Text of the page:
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ERIC Number: EJ972726
Record Type: Journal
Publication Date: 2012-Jan-8
Pages: N/A
Abstractor: ERIC
Reference Count: N/A
ISSN: ISSN-1931-1362
New York Taps into Israeli Institute's Expertise
Kalman, Matthew
Chronicle of Higher Education, Jan 2012
A century after a New York banker donated $100,000 to help establish what would become the Technion-Israel Institute of Technology, his hometown is reaping the benefits of his generosity. Last month the Technion, Israel's oldest university, and Cornell University won a closely watched competition to build an applied-sciences campus in New York City, with a goal of spurring technology-driven economic growth in the city. As part of its winning bid, Cornell and the Technion plan to construct a $2-billion campus on Roosevelt Island, using land donated by the city. The facility, known as NYCTech, is due to open in 2017. The Technion is very much a junior partner in the project. Cornell will shoulder the vast majority of the costs, and Technion faculty members are expected to spend only short amounts of time teaching at the new facility. But tapping into Technion expertise in turning the city of Haifa, where it is based, into the engine of Israel's rapidly expanding high-tech economy is crucial to New York City's dream of fostering the next Silicon Valley. The Technion began as the dream of pre-Israel Zionist leaders who wanted to establish a European-style technical college in what was then Palestine. With money from the wealthy New Yorker, Jacob Schiff, and a Russian tea merchant, the cornerstone was laid in 1912, but classes were delayed by World War I. The college finally opened for classes in 1924 and in nearly 90 years has developed an international reputation for engineering, computer science, mathematics, and chemistry. For NYCTech, the Israeli university will focus primarily on developing the Technion-Cornell Institute of Innovation, the heart of the new campus that will be organized around three interdisciplinary hubs: (1) connective media; (2) healthier life; and (3) the built environment. As part of the institute, Technion and Cornell will design a master's of applied sciences degree to foster study across disciplines. The applied-sciences program will work closely with local industries, based in part on the way the Technion has built tight relationships with corporations in Haifa.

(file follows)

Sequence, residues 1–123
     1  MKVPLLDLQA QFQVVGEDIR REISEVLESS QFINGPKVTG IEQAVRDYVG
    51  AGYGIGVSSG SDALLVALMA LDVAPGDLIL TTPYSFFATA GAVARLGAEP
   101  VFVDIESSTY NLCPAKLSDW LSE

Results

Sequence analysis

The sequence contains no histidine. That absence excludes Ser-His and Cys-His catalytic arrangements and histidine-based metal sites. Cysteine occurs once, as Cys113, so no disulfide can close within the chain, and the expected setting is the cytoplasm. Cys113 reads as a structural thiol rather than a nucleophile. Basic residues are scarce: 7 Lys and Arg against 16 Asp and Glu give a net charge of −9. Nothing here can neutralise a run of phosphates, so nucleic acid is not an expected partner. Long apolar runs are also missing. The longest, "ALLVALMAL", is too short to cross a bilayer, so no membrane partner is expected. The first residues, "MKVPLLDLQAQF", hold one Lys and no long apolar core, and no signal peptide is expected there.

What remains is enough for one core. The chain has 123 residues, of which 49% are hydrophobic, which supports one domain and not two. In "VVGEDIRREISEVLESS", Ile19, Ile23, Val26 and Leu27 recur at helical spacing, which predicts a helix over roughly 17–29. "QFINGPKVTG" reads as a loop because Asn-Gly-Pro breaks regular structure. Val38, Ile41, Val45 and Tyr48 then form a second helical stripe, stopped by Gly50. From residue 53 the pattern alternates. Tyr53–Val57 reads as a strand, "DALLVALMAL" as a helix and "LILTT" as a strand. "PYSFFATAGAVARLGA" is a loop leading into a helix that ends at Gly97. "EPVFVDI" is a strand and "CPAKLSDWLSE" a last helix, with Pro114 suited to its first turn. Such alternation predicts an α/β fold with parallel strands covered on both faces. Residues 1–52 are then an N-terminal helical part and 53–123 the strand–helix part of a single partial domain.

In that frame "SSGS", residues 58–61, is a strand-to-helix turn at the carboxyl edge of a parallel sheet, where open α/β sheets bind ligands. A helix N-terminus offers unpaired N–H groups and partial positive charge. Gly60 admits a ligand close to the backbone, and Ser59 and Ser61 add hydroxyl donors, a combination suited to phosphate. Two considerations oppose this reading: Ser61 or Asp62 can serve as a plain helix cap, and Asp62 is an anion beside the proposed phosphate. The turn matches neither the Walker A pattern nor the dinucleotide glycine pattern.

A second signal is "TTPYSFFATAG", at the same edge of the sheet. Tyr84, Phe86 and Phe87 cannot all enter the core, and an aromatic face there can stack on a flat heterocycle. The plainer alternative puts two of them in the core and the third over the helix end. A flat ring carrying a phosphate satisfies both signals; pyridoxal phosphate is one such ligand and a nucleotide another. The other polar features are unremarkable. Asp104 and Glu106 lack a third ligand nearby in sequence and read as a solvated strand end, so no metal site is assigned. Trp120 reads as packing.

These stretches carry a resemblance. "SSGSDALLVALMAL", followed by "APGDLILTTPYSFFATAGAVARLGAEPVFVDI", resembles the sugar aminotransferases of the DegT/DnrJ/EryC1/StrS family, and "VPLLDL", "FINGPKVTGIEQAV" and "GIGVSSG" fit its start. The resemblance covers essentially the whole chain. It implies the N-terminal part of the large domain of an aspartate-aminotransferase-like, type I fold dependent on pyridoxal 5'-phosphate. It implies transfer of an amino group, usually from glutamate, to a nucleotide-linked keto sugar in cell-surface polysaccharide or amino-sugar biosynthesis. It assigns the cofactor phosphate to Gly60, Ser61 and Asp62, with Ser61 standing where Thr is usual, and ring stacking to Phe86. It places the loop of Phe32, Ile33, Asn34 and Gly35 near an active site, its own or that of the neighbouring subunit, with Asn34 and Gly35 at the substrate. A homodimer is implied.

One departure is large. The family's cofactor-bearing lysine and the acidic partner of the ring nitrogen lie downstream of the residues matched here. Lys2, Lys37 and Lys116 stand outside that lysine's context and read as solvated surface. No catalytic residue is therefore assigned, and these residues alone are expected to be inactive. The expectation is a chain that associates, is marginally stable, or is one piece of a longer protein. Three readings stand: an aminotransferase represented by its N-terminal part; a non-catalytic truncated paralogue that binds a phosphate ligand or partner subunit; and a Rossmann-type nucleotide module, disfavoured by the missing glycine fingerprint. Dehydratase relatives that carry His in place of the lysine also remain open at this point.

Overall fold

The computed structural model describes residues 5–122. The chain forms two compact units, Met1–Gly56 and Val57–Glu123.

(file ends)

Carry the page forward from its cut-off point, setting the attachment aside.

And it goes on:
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Publication Type: Journal Articles; Reports - Descriptive
Education Level: Higher Education
Audience: N/A
Language: English
Sponsor: N/A
Authoring Institution: N/A
Identifiers - Location: Israel (Haifa); New York